The number of walking legs is usually eight (four
pairs), but species with five and six pairs exist.
Because of their small size and slender body and
legs, no respiratory system is necessary, with gases
moving by diffusion.
A proboscis allows them to suck nutrients from softbodied invertebrates, and their digestive tract has
diverticula extending into the legs.
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28–2 Groups of Arthropods
Sea spider
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28–2 Groups of Arthropods
Spiders and Their Relatives
Spiders
Spiders capture and feed on animals ranging from
other arthropods to small birds.
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28–2 Groups of Arthropods
Spiders and Their Relatives
Some spiders spin webs of a strong, flexible protein
called silk, which they use to catch flying prey.
Others stalk and then pounce on their prey.
Some spiders lie in wait and leap out to grab insects
that venture too near.
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28–2 Groups of Arthropods
Spiders and Their Relatives
Spiders do not have jaws for chewing, they must
liquefy their food to swallow it.
Once a spider captures its prey, it uses fanglike
chelicerae to inject paralyzing venom into it.
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28–2 Groups of Arthropods
Spiders and Their Relatives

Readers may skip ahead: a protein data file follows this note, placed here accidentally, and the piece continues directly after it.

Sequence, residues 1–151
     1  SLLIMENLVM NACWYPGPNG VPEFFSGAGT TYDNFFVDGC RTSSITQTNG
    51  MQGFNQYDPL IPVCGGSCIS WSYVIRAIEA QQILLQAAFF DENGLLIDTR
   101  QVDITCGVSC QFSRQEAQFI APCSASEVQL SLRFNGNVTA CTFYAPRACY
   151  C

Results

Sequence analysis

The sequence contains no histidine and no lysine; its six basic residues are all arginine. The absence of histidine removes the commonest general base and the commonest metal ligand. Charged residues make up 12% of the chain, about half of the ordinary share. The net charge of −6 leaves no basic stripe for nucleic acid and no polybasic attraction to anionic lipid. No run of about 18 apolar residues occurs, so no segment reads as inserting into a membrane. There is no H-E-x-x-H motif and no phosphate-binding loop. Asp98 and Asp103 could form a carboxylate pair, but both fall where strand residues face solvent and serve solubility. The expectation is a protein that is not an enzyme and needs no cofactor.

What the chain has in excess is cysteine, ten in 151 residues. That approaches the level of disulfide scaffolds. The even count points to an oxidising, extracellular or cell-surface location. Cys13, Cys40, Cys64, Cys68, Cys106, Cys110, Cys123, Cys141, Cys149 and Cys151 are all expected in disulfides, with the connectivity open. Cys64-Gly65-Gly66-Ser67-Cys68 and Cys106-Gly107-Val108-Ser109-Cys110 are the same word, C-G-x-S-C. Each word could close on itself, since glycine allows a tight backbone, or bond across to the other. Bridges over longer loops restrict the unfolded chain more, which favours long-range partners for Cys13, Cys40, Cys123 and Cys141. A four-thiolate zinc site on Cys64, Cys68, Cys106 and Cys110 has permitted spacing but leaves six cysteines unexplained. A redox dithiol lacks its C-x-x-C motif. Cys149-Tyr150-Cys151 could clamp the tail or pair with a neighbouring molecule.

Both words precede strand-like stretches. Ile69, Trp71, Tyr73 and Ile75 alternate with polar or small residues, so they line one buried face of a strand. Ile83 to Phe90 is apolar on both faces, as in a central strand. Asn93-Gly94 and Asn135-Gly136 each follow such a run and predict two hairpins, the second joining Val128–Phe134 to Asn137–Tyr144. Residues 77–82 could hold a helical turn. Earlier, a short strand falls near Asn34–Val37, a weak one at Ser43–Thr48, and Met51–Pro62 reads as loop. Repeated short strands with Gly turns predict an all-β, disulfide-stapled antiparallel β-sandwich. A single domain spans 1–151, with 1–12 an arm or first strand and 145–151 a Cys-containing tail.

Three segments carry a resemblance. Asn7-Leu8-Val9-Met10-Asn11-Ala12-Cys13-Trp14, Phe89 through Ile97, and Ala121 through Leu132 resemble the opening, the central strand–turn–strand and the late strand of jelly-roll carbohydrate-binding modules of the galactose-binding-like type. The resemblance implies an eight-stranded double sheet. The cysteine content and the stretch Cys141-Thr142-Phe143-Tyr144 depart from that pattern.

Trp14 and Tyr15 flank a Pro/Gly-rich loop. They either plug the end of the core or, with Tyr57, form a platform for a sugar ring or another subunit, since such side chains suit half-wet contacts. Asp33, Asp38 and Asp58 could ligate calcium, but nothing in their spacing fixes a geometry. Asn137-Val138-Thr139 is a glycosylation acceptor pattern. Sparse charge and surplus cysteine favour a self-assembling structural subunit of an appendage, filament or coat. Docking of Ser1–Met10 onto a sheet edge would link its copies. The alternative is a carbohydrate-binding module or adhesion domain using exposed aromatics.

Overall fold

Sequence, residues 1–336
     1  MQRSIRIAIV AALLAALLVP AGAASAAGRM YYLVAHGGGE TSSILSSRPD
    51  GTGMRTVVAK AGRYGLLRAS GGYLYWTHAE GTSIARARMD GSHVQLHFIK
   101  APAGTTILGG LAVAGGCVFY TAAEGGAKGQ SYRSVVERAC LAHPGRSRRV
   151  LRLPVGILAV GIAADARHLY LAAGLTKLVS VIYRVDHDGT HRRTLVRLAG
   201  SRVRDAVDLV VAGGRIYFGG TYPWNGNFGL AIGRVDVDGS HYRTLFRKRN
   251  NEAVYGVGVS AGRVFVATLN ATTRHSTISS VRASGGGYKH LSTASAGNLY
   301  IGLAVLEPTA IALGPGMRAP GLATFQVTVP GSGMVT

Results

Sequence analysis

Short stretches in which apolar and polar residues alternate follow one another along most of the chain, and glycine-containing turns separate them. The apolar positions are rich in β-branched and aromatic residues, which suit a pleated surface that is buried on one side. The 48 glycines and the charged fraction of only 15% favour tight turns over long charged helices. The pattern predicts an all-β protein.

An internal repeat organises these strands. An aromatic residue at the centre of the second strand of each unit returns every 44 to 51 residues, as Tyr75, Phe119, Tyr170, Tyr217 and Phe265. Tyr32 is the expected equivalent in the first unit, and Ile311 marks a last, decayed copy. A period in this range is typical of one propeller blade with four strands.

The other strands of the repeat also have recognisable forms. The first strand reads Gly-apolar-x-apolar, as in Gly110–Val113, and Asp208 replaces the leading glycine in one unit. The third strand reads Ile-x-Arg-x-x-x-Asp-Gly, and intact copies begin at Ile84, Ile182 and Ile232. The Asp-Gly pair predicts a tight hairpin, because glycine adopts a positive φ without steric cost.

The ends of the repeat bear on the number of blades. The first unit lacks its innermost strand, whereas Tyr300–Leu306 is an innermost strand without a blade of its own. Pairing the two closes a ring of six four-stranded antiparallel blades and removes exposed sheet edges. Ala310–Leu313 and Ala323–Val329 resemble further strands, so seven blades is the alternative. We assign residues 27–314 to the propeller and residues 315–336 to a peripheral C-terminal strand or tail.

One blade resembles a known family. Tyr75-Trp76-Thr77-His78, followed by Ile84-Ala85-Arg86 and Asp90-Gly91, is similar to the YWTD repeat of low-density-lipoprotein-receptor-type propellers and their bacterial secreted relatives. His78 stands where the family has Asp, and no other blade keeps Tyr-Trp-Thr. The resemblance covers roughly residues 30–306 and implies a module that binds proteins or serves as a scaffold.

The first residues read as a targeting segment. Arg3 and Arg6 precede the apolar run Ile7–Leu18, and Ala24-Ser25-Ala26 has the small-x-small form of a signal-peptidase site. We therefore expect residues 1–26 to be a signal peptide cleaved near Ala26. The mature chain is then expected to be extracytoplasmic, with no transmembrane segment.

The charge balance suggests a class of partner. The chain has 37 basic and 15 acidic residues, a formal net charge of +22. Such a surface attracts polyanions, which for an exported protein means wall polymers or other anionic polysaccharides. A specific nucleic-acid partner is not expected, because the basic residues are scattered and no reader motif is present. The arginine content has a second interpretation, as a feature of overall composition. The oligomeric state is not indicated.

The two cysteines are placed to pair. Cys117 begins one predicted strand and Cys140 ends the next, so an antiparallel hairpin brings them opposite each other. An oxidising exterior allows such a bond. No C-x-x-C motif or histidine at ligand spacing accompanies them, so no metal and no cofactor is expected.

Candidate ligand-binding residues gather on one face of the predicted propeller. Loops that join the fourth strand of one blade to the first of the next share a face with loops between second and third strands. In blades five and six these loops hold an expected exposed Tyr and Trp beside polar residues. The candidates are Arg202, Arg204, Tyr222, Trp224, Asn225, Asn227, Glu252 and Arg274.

All spiders produce silk.
Spiders spin silk into webs, cocoons for eggs, and
wrappings for prey.
Silk glands
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28–2 Groups of Arthropods
Spiders and Their Relatives
They do this by forcing liquid silk through spinnerets,
which are organs that contain silk glands.
Spinnerets
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28–2 Groups of Arthropods
Spiders and Their Relatives
Mites and Ticks
Mites and ticks are small arachnids that are often
parasitic.
Their chelicerae and pedipalps are specialized for
digging into a host’s tissues and sucking out blood
or plant fluids.
Ticks can transmit bacteria that cause serious
diseases.
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28–2 Groups of Arthropods
Spiders and Their Relatives
Scorpions
Scorpions inhabit warm areas around the world.
Scorpions have pedipalps that are enlarged into
claws.
Scorpions chew their prey.